“Don’t Worry Darling” Overcomes Bonkers Press Tour to Top Box Office

In spite of a profoundly messy promotional tour, Olivia Wilde‘s Don’t Worry Darling pulled in $19.2 million in ticket sales during its opening weekend, enough to top the domestic box office.

The performance, based on 4,113 theaters, was in line with expectations for the psychological thriller starring Florence Pugh and Harry Styles, which had seen its projected box office ping-pong between $16 million and $20 million in the lead up to its release. The madness behind the scenes of Don’t Worry Darling began when Wilde was served custody papers while presenting the film at CinemaCon in Las Vegas and growing to full spectacle status during its premiere at the Venice International Film Festival. The lesson, says box office analyst Paul Dergarabedian, may be that there’s truly no such thing as bad press.

“Controversy, or behind-the-scenes drama, only serves to heighten the awareness and raise the profile of a movie,” adds Dergarabedian, who covers the film and TV industries for Comscore. If Pugh hadn’t caused a frenzy by missing Don’t Worry Darling‘s Venice press conference—or if social media hadn’t become consumed by the now-debunked theory that Styles had spit on co-star Chris Pine? “I don’t think the movie would be on the radar” for a lot of potential moviegoers, he says.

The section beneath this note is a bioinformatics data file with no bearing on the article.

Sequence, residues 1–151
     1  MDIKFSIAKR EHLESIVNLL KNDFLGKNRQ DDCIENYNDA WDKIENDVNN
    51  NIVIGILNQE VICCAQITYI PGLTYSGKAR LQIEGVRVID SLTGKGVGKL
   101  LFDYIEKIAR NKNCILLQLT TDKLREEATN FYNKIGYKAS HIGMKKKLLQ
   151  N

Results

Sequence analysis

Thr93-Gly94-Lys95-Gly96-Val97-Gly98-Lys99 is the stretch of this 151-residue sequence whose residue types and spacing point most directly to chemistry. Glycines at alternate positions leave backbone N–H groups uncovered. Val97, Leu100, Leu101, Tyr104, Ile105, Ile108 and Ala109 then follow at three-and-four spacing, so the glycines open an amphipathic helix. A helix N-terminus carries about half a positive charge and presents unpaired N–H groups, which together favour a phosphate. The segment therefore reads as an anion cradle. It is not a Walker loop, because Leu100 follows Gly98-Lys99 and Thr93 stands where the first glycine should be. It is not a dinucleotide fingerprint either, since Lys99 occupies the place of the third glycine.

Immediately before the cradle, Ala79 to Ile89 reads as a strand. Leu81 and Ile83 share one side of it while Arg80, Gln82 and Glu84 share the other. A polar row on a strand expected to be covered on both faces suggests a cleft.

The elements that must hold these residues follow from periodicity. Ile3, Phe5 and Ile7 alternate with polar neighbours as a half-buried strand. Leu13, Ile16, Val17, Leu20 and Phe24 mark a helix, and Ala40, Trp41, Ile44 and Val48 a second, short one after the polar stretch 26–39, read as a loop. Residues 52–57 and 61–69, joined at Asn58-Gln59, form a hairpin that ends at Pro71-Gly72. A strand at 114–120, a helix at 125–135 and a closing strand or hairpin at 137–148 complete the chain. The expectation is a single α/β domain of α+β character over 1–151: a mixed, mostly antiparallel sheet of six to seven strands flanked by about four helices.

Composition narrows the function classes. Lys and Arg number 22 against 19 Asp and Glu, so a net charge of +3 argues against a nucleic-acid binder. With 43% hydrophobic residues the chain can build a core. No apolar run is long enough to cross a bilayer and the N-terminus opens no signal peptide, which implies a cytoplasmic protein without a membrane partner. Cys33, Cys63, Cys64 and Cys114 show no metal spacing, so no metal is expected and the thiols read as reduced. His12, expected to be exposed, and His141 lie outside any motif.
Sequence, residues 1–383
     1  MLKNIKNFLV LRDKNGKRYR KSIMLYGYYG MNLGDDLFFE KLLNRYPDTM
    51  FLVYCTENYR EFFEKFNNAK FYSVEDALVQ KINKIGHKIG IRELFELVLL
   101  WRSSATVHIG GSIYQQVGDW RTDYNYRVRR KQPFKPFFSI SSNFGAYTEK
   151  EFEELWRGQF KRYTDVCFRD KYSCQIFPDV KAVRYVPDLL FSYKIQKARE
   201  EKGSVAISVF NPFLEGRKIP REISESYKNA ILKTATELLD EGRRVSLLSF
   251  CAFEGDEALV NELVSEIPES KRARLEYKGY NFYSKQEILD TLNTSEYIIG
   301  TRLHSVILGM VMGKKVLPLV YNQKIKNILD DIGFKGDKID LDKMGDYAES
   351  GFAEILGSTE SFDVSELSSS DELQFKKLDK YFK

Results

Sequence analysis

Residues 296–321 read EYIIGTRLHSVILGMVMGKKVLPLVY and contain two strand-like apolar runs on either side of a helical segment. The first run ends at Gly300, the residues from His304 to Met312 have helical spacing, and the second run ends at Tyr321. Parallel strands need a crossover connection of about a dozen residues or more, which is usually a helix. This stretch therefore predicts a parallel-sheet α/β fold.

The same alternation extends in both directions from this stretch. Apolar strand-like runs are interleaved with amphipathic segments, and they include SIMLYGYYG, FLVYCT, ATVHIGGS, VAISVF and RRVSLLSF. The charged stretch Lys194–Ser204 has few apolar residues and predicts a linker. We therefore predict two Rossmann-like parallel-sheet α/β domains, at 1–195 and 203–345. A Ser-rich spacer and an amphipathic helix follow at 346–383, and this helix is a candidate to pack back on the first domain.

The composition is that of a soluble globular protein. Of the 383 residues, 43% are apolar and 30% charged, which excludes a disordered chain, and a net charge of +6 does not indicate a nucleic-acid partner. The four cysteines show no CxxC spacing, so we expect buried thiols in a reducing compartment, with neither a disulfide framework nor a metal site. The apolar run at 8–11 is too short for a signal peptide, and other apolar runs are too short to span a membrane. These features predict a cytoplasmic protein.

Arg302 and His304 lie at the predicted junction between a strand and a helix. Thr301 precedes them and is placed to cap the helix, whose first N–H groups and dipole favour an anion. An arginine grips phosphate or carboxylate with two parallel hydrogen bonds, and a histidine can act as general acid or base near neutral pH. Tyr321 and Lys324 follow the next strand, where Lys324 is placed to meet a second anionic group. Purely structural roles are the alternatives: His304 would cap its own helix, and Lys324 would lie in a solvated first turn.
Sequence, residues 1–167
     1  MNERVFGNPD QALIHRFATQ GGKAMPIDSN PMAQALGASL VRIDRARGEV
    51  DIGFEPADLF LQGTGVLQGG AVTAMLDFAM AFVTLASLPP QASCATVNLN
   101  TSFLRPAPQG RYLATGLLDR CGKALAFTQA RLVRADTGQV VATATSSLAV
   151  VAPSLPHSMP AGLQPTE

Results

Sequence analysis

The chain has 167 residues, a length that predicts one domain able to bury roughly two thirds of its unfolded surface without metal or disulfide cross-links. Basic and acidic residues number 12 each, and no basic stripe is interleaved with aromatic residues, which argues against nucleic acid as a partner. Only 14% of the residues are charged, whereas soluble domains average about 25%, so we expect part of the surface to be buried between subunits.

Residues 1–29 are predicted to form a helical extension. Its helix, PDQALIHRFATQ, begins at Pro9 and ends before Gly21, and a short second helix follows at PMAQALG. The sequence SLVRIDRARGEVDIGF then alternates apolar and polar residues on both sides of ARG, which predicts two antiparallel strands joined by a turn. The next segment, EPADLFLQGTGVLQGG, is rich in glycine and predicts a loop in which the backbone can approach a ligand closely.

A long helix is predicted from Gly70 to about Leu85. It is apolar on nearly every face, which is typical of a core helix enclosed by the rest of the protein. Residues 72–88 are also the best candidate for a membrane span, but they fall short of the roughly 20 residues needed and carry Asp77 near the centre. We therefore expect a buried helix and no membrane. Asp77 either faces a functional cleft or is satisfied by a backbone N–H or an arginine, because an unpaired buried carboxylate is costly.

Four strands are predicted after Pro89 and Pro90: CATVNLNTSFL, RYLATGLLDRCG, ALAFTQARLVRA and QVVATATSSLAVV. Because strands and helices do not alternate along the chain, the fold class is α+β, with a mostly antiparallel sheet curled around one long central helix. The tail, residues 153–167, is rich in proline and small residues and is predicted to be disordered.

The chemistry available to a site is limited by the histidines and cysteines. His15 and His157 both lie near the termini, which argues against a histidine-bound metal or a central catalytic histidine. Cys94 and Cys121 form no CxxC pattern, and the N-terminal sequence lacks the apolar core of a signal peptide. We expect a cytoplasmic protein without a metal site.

Don’t Worry Darling brought in $30 million worldwide, a strong start for the Warner Bros. film, which was made for around $35 million. Though Wilde caused a bidding war when she shopped Don’t Worry Darling following a successful directing debut on booksmart, box office expectations for the title have always been measured. After all, it’s an R-rated adult thriller being released at a moment when the best box office performers are nearly always superhero movies and projects based on existing IP.

Still, there was one audience segment that was expected to turn out for the film: fans of Styles, the former One Direction singer who has released three solo albums, including Harry’s House, which debuted at No. 1 on the Billboard 200 chart when it was released in May. And it does appear that those fans turned out for the film, which had an audience that was 66% female and 16% under 18.

One of the biggest obstacles Don’t Worry Darling had to overcome in recent weeks was actually the lackluster critical reaction. The film has a 38% score from 224 reviews on Rotten Tomatoes, and vanity fair‘s Richard Lawson called it “neither triumph nor disaster.” Audiences have been mostly kind, though ticket sales fell 9% between Friday and Saturday. The movie has an 81% audience score on Rotten Tomatoes and a B-on Cinema Score. And younger fans seemed to enjoy the film the most, with the under-18 set giving it an A-.

Much of the initial hand-wringing about the press tour for Don’t Worry Darling centered around reports of a feud between Wilde and Pugh, who appeared reluctant to promote the film (or sing the praises of her director) on social media. But as if to put a cap on the whole episode, just as the film was making its way to theaters, the actress posted two photo carousels on Instagram documenting her time on set. She even included one of herself from her with Wilde.


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